The best hope is that he comes to recognize that he cost himself a couple of million dollars in bonus money by being such an idiot and is now willing to do the hard work of becoming a true major leaguer. But Dukes was in a similar position back in 2009 when he had to know that if he just dedicated himself and built on his promising 2008 Nats’ debut he’d be in line for a multimillion dollar raise when he hit arbitration. Instead, he regressed badly, was apparently smoking weed all offseason despite not to failing a drug test and was then run out of baseball for good in 2010.

    I’m willing to give Romero a chance, but I’m not optimistic.

    Karl Kolchak

    13 Jun 17 at 2:00 pm

  16. Raquet makes no sense. middling LHP with crummy numbers from a small school in a non baseball conference. wtf.

    Todd Boss

    13 Jun 17 at 2:06 pm

  17. $50K signee . . . but for what?


    13 Jun 17 at 2:08 pm

  18. Here is Raquet’s bio from his UNC page:

    “Ranked the No. 2 left-handed pitcher and the No. 8 player overall in Pennsylvania by Perfect Game • Considered the No. 32 left-handed pitcher in the country by PG • 2012 and 2013 Underclass Honorable Mention by PG”

    Question is, what happened to him at UNC that caused him to leave the school?

    Karl Kolchak

    13 Jun 17 at 2:11 pm

  19. He was 145 on BA’s list. I don’t have a subscription so can’t see the report. Fangraphs said he was a lefty relief prospect with arm strength


    13 Jun 17 at 2:11 pm

  20. Yeah, the type of guy the Nats generally draft in the 26th round. Something is working here for which they’re cost-saving. Did Crowe want over-slot? Romero is in no position to get over-slot.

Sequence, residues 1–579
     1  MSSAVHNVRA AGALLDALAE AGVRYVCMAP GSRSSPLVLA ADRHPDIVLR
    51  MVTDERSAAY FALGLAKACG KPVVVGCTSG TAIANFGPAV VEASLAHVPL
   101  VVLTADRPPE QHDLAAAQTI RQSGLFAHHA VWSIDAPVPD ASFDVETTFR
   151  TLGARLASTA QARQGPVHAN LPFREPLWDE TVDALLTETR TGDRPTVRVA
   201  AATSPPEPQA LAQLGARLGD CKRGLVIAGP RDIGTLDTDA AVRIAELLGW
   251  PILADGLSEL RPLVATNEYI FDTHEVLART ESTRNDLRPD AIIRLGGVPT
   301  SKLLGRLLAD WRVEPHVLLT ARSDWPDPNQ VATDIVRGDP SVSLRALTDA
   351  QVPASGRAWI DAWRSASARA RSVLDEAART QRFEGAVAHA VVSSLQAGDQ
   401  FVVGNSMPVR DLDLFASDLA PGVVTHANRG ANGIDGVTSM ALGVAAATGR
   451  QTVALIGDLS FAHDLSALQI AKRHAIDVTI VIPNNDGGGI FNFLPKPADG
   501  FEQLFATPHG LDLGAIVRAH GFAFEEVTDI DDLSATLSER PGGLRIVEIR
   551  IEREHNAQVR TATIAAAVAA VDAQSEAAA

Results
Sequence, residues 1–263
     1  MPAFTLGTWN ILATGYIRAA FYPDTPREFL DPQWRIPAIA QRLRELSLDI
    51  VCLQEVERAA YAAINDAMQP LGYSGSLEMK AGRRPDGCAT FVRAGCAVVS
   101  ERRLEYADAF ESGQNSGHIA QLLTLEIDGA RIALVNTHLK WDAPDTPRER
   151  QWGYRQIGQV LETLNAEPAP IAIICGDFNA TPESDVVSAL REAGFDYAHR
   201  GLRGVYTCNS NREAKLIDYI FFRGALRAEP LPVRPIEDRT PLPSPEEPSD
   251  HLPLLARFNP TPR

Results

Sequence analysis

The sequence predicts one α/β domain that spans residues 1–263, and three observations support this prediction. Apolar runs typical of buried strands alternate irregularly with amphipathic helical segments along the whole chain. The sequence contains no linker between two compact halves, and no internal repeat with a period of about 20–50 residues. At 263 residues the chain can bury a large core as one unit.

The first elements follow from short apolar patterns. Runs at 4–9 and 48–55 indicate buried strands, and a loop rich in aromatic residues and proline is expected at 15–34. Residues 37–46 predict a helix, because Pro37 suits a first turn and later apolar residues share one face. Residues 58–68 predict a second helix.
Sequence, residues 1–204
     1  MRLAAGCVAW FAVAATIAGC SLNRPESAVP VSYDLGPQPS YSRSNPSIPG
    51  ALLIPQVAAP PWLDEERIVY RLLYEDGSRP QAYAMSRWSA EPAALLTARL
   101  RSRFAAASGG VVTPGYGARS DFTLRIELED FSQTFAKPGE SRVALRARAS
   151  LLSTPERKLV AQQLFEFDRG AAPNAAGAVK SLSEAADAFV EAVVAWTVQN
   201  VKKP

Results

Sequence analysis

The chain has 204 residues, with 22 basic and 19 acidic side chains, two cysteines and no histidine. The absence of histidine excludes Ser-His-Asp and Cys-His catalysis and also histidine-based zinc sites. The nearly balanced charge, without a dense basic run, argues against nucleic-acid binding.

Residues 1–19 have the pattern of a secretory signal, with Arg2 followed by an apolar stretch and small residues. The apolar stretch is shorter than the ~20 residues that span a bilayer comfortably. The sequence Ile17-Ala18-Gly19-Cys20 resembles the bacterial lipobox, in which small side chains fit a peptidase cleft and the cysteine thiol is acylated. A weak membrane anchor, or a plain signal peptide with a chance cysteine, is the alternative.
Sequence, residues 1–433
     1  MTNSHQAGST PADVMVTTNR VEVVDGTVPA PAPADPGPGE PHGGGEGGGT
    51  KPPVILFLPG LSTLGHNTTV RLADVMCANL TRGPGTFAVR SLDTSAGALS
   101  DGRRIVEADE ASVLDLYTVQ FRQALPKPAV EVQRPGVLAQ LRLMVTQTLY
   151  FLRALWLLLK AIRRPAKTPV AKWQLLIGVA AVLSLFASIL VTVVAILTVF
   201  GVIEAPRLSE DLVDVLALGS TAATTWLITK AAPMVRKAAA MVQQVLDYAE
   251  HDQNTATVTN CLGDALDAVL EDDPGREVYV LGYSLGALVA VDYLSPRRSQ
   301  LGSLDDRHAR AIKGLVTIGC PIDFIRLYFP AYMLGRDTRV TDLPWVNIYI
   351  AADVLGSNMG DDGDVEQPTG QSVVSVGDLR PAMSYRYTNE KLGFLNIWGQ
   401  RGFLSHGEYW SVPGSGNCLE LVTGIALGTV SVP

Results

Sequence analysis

13 Jun 17 at 2:13 pm

  21. SB Nation had Raquet list as the No 174 prospect before the draft–so maybe some scouts see some potential in him:

    Karl Kolchak

    13 Jun 17 at 2:17 pm

  22. Nick Racquet was ranked as the 19th best Lefthander in the Draft. #145 Overall by Baseball America.

    93-95 fastball, hard breaking ball but struggles to throw strikes.


    13 Jun 17 at 2:19 pm

  23. Raquet: 4.66 ERA in a bad baseball conference with a 2/1 K/BB ratio. Not impressed. There are better players on the board and its far too early to be playing the slot dollar game.

    Todd Boss

    13 Jun 17 at 2:25 pm

  24. Raquet looks like a potential fast rising lefty relief prospect if he can reduce his BB rate–lord knows the Nats desperately need help in that area.

    Karl Kolchak

    13 Jun 17 at 2:25 pm

  25. 95 Ks, 45 walks in 77 1⁄3 IP with William and Mary in 2017.

    Jonathan Mayo on Nick Raquet on

    “He’s a lefty with a lot of arm strength, probably a bullpen profile all the way, in fact I’m almost certain of it, but up to 95-96 mph with his fastball, can spin the breaking ball pretty well, command has always been an issue, it’s below average to maybe even well-below average at times, so if you can get him to find the strike zone a little bit more, maybe you’ve got a left-handed set-up man when all is settled and done, especially if he can throw strikes.”


    13 Jun 17 at 2:25 pm

  26. He threw 77 innings in 14 starts. That’s barely 5IP a start.